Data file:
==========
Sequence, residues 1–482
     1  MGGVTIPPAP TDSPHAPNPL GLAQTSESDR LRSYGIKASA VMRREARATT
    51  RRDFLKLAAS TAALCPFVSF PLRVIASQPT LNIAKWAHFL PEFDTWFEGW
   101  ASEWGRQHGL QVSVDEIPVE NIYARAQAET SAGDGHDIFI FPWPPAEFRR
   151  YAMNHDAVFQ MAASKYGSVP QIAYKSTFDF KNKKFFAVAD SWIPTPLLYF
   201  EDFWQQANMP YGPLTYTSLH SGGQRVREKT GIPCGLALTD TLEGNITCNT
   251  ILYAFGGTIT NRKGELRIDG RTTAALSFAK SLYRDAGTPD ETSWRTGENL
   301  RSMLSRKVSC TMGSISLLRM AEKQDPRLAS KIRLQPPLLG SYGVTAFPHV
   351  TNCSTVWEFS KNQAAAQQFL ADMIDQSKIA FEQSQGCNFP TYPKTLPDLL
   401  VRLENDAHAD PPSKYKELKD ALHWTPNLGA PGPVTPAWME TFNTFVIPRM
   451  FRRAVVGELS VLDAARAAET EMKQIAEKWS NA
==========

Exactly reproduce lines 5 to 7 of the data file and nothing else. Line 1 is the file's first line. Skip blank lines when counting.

   151  YAMNHDAVFQ MAASKYGSVP QIAYKSTFDF KNKKFFAVAD SWIPTPLLYF
   201  EDFWQQANMP YGPLTYTSLH SGGQRVREKT GIPCGLALTD TLEGNITCNT
   251  ILYAFGGTIT NRKGELRIDG RTTAALSFAK SLYRDAGTPD ETSWRTGENL